PTSD caused far from rocket fire during Lebanon War

Haifa University study finds PTSD even among residents of areas never hit during war.

By
July 20, 2008 21:17
1 minute read.
PTSD caused far from rocket fire during Lebanon War

Lebanon war 224.88. (photo credit: AP )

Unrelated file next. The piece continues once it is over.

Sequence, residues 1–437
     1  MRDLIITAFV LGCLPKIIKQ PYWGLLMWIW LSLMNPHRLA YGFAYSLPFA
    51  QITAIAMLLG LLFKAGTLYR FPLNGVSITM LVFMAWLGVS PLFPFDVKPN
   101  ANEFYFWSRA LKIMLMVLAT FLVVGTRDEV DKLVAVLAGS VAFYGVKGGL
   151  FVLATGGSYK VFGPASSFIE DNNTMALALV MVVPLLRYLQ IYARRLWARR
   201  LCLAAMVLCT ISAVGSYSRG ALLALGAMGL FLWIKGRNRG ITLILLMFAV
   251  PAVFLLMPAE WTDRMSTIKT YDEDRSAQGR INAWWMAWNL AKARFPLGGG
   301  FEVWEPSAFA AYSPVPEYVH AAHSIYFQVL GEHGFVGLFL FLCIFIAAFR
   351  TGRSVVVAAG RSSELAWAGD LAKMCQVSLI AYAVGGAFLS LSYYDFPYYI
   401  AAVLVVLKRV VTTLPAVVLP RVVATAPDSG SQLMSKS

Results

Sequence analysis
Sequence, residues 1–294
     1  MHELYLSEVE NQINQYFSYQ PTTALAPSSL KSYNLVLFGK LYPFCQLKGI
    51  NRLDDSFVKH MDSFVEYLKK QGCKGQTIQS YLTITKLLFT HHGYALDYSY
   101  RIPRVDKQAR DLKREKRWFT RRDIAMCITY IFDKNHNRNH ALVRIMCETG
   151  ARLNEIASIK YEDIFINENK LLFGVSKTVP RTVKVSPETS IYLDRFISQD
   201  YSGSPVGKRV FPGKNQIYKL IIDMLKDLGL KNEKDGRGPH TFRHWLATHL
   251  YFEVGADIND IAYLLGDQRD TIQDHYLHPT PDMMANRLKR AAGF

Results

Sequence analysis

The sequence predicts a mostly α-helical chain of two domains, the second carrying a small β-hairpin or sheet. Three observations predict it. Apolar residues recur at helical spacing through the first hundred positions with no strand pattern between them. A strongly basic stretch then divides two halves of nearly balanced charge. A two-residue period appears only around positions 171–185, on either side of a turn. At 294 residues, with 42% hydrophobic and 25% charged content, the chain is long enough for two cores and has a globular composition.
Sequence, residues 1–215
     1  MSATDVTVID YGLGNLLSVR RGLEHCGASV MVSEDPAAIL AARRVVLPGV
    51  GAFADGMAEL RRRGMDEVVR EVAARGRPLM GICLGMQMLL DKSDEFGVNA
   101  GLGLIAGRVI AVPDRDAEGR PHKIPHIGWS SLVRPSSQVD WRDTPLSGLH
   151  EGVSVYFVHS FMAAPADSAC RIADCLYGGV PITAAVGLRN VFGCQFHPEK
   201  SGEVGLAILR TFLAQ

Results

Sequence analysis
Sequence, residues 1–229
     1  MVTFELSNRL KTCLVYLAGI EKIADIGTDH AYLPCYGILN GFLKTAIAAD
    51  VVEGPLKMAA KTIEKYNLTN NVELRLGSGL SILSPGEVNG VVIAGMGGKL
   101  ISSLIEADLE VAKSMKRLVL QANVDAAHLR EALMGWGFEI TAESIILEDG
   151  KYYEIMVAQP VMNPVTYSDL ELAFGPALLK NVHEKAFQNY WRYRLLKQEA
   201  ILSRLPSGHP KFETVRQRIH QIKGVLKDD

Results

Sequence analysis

Many Central region residents who did not come under Hizbullah rocket fire during the Second Lebanon War in 2006 nevertheless suffer from "high levels of post-traumatic stress disorder (PTSD)," according to a study carried out at the University of Haifa in cooperation with Boston University trauma researchers. An article by University of Haifa Prof. Eli Zomer and colleagues has just appeared in the prestigious International Journal of Psychology. "Although we found that the level of post-traumatic stress was much higher among residents of Kiryat Shmona," which suffered many rocket hits, "we were surprised by the high levels of stress among residents who weren't exposed at all to the rockets," they wrote. Zomer, who conducted the study with doctoral student Aviva Zarihan-Weizman, examined 317 residents of Kiryat Shmona, which was struck by 520 rockets, and compared them with residents of Kfar Yona in the center of the country, which has a similar population but was not targeted by rockets. They examined them for PTSD symptoms, including rapid pulse, sleep difficulties, recurrent flashbacks from the war, nightmares and attempts to avoid situations that reminded them of the traumatic events such as watching TV news. While 38 percent of the Kiryat Shmona residents had a high level of PTSD symptoms during the war, fully 12% of those in Kfar Yona reported the same problems. The researchers found that the longer a person's difficult personal experience with war or terrorism, the lower the risk that he will suffer from PTSD. This means that Israelis' exposure to violent incidents such as Hizbullah fire or terrorist attacks creates immediate emotional stress, but it fortifies and improves their coping in the future. The experience of settlements near Gaza "points to the fact that the civilian population is likely to be attacked by rockets and missiles in the next war. To understand better the implications of the population's exposure to such threats, it's important to learn from experience that has been accumulated in Israel," Zomer said.


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